What You Need to Know about TEXT with 9-1-1

What is Text with 9-1-1 (T9-1-1)?

T9-1-1 is a service available to you if you are part of the deaf, deafened, hard of hearing or speech impaired (DHHSI) community in Canada.

During an emergency, T9-1-1 provides 9-1-1 call centres with the ability to converse with you using text messaging.

Before utilizing this service you:

How It Works

T9-1-1 provides 9-1-1 call centres with the ability to converse with a deaf, deafened, hard of hearing or speech impaired (DHHSI) person during an emergency, using text messaging.

When a DHHSI person requires 9-1-1 services, they dial 9-1-1 on their cell phone. There is no need for them to speak, as the 9-1-1 call taker will receive an indicator that tells them to communicate with the caller via text messaging. The 9-1-1 call taker then initiates text messaging with the caller to address the emergency.

A DHHSI person must register for T9-1-1 with their wireless service provider and must have an eligible cell phone before being able to utilize this service. This includes the ability to send and receive text messages.

Information on cell phones that meet T9-1-1 requirements are available on your wireless service provider’s Web site. The sign-up process requires that the applicant has a qualified cell phone.

T9-1-1 is considered a “best efforts” service due to the technology constraints associated with text messaging. As with any text messaging services, there is no guarantee a text message will be sent, delivered or received in a timely manner. In the unlikely event that this happens, the user will need to re-send the message.

Providing location information and the nature of the emergency in the first message is imperative. The 9-1-1 call taker may receive an approximate location of your cell phone with your 9-1-1 call, however it is important for the caller to confirm the exact location of the emergency.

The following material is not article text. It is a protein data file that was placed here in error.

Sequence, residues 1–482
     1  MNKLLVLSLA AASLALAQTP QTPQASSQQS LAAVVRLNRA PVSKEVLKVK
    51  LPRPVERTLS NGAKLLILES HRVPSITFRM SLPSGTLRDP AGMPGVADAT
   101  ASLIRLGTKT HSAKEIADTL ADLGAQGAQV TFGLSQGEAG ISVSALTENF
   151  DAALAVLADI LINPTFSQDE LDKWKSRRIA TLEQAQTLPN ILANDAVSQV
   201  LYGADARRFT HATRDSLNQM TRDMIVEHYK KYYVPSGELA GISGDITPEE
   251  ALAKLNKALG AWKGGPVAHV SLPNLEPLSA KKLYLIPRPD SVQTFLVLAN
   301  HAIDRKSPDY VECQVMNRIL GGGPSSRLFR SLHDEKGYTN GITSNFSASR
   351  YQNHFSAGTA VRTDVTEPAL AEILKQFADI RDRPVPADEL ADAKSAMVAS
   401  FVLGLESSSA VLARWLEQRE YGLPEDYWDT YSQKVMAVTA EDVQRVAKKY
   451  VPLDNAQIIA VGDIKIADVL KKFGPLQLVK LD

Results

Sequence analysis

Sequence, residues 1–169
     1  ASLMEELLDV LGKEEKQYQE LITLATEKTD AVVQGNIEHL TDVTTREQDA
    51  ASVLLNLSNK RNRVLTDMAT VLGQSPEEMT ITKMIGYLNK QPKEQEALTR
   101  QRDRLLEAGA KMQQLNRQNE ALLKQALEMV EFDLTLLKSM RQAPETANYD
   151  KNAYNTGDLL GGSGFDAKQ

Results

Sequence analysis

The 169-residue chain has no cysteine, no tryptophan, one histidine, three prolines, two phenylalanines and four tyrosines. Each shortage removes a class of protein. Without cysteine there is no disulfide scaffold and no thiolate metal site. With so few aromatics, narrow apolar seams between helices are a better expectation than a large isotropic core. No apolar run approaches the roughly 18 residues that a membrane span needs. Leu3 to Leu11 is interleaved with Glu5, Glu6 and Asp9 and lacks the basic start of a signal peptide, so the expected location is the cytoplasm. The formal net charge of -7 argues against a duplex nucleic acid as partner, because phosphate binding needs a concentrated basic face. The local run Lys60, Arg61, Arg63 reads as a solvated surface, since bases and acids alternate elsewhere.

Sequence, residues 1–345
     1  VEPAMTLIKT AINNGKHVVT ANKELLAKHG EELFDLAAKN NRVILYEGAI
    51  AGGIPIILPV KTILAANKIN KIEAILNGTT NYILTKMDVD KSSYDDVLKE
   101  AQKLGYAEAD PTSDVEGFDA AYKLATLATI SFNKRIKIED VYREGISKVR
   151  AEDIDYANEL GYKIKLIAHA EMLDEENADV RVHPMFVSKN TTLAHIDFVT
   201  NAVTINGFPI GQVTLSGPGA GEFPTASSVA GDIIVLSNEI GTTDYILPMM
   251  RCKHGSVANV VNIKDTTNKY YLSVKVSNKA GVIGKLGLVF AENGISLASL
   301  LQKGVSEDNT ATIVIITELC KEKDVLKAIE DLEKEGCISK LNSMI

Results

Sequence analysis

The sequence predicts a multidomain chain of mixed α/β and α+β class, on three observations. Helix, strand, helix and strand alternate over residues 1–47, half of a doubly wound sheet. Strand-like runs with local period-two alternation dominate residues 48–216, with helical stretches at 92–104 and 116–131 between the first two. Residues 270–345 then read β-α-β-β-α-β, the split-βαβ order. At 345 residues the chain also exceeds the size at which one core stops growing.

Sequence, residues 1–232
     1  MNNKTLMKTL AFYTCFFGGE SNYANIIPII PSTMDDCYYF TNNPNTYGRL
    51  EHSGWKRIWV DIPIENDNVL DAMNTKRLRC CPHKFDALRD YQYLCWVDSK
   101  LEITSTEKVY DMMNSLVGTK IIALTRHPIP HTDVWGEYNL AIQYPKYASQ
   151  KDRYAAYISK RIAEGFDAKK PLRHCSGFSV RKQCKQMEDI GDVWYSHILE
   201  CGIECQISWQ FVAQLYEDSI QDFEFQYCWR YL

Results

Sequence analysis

Important Information for T9-1-1 Users

  • Text messages should be brief and concise.
  • Text abbreviations and slang should never be used so that the intent of the dialog can be as clear as possible.
  • If the DHHSI callers are outside or near the edge of the 9-1-1 served territory, the 9-1-1 call may not reach the appropriate 9-1-1 call centre.
  • Cell phones that meet T9-1-1 requirements will be listed on your wireless service provider’s Web site.
  • T9-1-1 should only be used for emergency situations that require a response from police, fire or emergency medical services.
  • Do not call 9-1-1 to test the T9-1-1 service. Your wireless service provider can confirm your T9-1-1 registration.

What is Video Relay Service, and how does it relate to T9-1-1?

  • Video Relay Service (VRS) and T9-1-1 are two distinct and unrelated services. T9-1-1 is the most direct method of the two for contacting 9-1-1, 24/7. Contacting 9-1-1 using VRS is only possible during VRS service hours.
  • VRS is a basic telecommunications service that enables deaf or speech impaired Canadians who use sign language to communicate with voice telephone users. The sign language user connects to a VRS operator using an Internet-based videoconferencing app. The operator then places a voice telephone call to the other party and relays the conversation from sign language to voice and vice-versa.
  • A VRS user will be able to enter the digits 9-1-1 in their VRS app to contact emergency services, but only during VRS service hours. T9-1-1 can be used as an alternative method to contact 9-1-1 at any time. Emergency calls using the VRS app will be placed first in line for a VRS operator. The VRS operator and emergency answering personnel will attempt to confirm that the customer is at their registered address, or if not there, where they are. Please be aware that there may be some delay involved in this process. Once the location and nature of the emergency are determined, the local emergency answering centre in your area dispatches the appropriate fire, police or medical responders. The VRS operator stays with the caller and assists the emergency services personnel as long as they are needed.
  • For more information about VRS, visit www.srvcanadavrs.ca.